State, collectivism and worker privilege: a study of urban health insurance reform

Duckett, J. (2004) State, collectivism and worker privilege: a study of urban health insurance reform. China Quarterly, 177, pp. 155-173.

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Since 1998, the central government has focused its attention on social security. Among other things, it has created a ministry for social security, pressed for the extension of health and unemployment insurance to larger numbers of the urban working population, and increased spending. Does this mean that the party-state is rebuilding the eroded urban social security system and re-asserting its role in ensuring collective provision? Do recent initiatives repair or damage the interests of urban workers? This article examines these questions through a study of urban health insurance reform. It argues the state has taken over from work units the responsibility for health insurance, that collectivism has been partially preserved through redistrib utory "risk-pooling" systems, and that the party-state is moving away from its traditional state enterprise-centred working-class base and widening participation to include workers in the private and rural industrial sectors. However, continued prioritization of economic growth means that the party-state's role is limited, while collectivist provision is restricted to the non-agricultural working population. In practice, government officials and workers in successful state enterprises are still the most likely to be insured.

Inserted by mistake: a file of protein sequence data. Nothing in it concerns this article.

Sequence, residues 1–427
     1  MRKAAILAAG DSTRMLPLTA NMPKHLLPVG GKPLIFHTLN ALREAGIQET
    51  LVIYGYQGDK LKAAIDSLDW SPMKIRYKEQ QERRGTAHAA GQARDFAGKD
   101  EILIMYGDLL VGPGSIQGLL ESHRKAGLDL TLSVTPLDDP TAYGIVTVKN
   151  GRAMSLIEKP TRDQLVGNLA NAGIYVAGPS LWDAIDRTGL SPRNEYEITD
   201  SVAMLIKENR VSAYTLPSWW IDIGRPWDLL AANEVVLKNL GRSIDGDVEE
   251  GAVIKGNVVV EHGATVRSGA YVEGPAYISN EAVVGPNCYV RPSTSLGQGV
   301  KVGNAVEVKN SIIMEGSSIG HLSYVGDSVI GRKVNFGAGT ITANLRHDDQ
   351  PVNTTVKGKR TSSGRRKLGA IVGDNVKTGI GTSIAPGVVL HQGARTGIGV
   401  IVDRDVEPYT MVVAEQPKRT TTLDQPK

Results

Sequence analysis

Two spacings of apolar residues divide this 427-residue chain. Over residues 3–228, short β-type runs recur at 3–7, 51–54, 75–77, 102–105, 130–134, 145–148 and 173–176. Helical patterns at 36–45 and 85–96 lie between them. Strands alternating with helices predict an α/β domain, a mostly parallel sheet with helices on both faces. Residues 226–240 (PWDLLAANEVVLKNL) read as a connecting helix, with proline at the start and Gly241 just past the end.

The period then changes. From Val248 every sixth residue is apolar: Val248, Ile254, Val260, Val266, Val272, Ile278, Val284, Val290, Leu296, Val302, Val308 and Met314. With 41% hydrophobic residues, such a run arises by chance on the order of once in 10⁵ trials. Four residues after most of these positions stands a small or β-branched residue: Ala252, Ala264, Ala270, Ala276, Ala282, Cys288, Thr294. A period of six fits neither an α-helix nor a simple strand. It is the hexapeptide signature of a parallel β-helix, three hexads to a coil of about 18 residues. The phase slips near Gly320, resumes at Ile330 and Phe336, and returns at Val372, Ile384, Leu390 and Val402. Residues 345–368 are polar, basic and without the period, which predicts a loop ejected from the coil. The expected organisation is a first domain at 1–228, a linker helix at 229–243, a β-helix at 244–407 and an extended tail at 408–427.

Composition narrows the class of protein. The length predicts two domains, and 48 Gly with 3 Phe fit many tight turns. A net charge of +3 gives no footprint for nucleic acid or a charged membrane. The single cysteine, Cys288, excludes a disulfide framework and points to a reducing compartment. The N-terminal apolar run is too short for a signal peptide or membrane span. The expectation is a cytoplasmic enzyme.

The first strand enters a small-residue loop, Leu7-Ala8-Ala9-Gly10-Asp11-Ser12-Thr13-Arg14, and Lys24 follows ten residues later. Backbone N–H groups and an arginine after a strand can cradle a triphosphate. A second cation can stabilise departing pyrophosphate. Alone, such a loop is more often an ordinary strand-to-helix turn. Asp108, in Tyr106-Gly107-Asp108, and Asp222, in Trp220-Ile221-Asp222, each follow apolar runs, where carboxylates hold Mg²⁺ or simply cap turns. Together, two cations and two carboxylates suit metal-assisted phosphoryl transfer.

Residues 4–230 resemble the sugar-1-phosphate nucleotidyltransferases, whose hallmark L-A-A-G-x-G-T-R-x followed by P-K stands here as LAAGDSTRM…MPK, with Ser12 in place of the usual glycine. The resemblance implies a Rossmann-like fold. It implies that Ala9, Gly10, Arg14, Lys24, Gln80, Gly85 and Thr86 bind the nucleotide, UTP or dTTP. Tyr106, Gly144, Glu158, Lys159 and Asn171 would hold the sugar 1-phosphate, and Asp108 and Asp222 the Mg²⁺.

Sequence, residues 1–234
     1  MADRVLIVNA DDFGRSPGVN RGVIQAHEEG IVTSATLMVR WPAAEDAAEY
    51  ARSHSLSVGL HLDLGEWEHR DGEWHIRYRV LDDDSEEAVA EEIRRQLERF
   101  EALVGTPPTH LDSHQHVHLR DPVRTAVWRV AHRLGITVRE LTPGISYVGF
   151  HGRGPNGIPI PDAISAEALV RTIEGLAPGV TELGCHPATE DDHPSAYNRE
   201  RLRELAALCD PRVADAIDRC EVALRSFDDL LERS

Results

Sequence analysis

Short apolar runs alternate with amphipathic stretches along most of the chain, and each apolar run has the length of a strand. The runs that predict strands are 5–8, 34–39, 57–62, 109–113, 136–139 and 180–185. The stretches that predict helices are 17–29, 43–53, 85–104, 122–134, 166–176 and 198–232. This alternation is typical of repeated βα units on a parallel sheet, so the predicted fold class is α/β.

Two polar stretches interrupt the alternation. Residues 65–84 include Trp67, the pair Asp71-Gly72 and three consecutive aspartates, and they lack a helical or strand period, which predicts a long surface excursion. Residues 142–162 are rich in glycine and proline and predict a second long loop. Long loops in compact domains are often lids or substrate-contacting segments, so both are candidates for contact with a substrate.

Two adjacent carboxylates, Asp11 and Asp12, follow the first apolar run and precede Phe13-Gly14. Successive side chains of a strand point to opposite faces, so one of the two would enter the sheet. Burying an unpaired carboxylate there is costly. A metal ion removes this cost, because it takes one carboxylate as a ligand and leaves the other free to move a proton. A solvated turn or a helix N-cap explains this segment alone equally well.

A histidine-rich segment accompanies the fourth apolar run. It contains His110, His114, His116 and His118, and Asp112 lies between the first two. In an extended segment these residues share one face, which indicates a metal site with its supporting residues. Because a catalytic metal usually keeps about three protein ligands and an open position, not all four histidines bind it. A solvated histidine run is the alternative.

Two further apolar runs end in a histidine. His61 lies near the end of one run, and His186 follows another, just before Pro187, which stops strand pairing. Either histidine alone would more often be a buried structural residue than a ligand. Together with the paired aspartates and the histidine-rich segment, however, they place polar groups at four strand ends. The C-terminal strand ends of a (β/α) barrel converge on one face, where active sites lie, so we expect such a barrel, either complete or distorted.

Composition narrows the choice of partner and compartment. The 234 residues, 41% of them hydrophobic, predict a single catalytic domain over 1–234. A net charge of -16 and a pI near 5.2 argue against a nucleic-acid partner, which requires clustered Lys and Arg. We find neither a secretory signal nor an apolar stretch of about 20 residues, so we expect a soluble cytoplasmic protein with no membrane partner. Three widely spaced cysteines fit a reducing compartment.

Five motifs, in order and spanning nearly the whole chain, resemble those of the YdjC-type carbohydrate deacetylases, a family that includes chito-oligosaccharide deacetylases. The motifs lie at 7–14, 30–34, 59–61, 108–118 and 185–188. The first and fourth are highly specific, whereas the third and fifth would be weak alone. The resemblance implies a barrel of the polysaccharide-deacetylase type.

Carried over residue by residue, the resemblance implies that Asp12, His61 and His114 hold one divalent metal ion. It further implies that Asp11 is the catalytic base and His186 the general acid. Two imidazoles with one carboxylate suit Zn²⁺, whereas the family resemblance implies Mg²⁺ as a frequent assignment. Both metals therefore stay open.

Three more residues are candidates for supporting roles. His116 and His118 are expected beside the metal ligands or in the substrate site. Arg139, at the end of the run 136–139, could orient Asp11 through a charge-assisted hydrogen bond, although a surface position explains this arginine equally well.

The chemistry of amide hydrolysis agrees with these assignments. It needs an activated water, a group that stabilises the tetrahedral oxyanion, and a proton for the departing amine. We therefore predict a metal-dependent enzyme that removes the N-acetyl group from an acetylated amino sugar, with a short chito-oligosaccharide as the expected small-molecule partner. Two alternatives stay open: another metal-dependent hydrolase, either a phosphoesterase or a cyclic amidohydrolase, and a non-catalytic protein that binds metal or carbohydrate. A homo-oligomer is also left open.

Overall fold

Item Type:Articles
Glasgow Author(s) Enlighten ID:Duckett, Professor Jane
Authors: Duckett, J.
College/School:College of Social Sciences > School of Social and Political Sciences > Politics
Journal Name:China Quarterly
Publisher:Cambridge University Press
ISSN (Online):1468-2648

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